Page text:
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Constructora Mi Casita S. de R.L. de C.V. v. NIBCO Inc.

United States District Court, N.D. Indiana, South Bend Division

October 9, 2017

NIBCO INC., Defendant,



         Plaintiff Mi Casita is a Mexican architectural, design, and construction company in Baja California that has developed a large condominium project in that area. Mi Casita used plumbing products in the construction project that were manufactured by defendant NIBCO. Mi Casita claims that the NIBCO products were defective and caused water leaks throughout the property that led to widespread property damage and required complete replacement of the plumbing in many of the condominiums at great cost to Mi Casita. Mi Casita seeks compensatory and consequential damages for the alleged damage caused by NIBCO's products.

         When the pipes began to leak and cause damage to the condominium units, the owners of those units were (unsurprisingly) not particularly pleased with Mi Casita. Mi Casita has attempted to remedy the situation and that has led to a twist in this case. Nearly all of the individual condominium owners and the condominium association have assigned their claims to Mi Casita. So the present lawsuit purports to bring claims both directly by Mi Casita and by Mi Casita as assignee of the condominium owners and association's claims. But there's a problem. It is far from clear from reviewing the second amended complaint which claims are based on damages suffered by Mi Casita directly versus claims assigned to it by the individual condominium owners and association.

         NIBCO seeks dismissal of all claims against it for failure to state a claim. As detailed below, because I find that Mi Casita sufficiently pleaded some but not all of its claims in the second amended complaint, NIBCO's motion is granted in part and denied in part.


         For purposes of a motion to dismiss, I will take all facts as alleged in the second amended complaint as true. Plaintiff Constructora Mi Casita S. de R.L. de C.V. is a Mexican architectural, design, and construction company that constructs condominium complexes in Baja California, Mexico. [DE 38 ¶¶1, 58.] Defendant NIBCO Inc. manufactures, warrants, advertises, and sells plumbing products and is incorporated in Elkhart, Indiana. [Id. at ¶¶2, 18-19.] From 2006 to 2009, Mi Casita purchased and installed NIBCO's cross-linked polyethylene plumbing tubes (“PEX Tubing”), brass fittings (“PEX Fittings”), and stainless steel clamps (“PEX Clamps”). [DE 38 at ¶¶7, 60-61.] For the sake of convenience, I will refer to these items collectively as the “PEX Products.” Soon after installation, the tubing began to deteriorate and caused leaks and property damage throughout the condominium development. [Id. at ¶7.] Mi Casita alleges that the PEX Products suffer from a design and/or manufacturing defect that causes premature failure. [DE 38 at ¶¶28-29.] This has led to water seeping out of the pipes causing severe property damage to the condominium units and the common areas. [Id. at ¶28.] Mi Casita alleges that this was caused by insufficient stabilization or improper cross-linking of the material used by NIBCO. [Id. at ¶30.] Additionally, the PEX Fittings are prone to developing holes that allow water to seep through the walls of the fitting. [Id. at ¶44.] This may cause low water pressure or, if the fitting cracks or breaks, significant water damage. [Id.] The PEX Clamps slowly fracture from “chloride-induced stress corrosion cracking.” [Id. at ¶47.] Stress corrosion cracking is directly related to defects in engineering design and manufacturing. [Id. at ¶49.] Mi Casita further alleges that NIBCO knew about the problem before it sold the products to Mi Casita because other consumers have experienced similar water damage as a result of NIBCO's defective products. [Id. at ¶30.]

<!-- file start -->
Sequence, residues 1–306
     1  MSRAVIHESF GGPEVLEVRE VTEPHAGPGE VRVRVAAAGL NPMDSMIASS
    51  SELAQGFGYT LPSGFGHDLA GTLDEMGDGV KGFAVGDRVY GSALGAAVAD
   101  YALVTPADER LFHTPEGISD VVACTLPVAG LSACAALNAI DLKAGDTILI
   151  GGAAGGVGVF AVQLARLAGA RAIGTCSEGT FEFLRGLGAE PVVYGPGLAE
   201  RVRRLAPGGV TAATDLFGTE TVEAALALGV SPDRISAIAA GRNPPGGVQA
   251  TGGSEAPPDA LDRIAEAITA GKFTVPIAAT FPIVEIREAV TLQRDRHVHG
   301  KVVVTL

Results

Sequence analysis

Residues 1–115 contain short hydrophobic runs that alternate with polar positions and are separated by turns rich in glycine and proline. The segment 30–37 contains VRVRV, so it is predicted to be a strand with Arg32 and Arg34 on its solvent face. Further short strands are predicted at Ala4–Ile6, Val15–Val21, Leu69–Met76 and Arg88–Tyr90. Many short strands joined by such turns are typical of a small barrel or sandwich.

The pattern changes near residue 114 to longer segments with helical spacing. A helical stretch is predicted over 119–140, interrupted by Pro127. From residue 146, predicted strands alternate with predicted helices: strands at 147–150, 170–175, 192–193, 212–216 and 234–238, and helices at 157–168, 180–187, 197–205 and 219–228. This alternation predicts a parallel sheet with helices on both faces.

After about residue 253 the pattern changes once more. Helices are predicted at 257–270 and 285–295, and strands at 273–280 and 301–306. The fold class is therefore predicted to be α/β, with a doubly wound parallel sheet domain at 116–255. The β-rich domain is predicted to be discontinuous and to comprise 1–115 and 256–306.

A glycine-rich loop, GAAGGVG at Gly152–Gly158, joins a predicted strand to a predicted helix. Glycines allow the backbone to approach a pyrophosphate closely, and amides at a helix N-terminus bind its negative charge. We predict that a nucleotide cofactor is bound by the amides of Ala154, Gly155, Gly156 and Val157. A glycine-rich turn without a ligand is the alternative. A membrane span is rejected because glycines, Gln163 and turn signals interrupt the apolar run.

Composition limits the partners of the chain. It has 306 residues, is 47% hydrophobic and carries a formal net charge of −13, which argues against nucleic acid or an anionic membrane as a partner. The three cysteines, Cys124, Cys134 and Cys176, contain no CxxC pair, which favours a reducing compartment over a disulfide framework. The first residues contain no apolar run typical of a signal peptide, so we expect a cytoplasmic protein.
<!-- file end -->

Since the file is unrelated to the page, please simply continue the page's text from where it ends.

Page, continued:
Mi Casita selected NIBCO's products based on its representations of high quality and “superior characteristics.” [Id. at ¶¶22-26.] For instance, NIBCO's catalog claims that its process “delivers the highest quality PEX tubing available today.” [Id. at ¶25.] NIBCO also warranted that its PEX Tubing would be free from defects for at least 10 years. [Id. at ¶¶26, 79-82.] If the buyer installed the tubing with NIBCO's other PEX products, NIBCO warranted the tubing for 25 years. [Id. at ¶¶26, 34, 39.] The express warranty states: